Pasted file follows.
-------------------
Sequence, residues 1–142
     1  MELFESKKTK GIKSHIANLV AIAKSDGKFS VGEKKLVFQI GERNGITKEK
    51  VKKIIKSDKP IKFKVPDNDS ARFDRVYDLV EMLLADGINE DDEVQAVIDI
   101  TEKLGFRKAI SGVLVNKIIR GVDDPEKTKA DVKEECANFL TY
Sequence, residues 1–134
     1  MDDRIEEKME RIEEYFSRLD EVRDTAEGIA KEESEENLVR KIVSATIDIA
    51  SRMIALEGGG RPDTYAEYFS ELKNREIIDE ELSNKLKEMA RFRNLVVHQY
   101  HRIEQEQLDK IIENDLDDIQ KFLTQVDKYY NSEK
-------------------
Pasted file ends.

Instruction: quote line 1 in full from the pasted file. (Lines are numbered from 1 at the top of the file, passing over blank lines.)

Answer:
Sequence, residues 1–142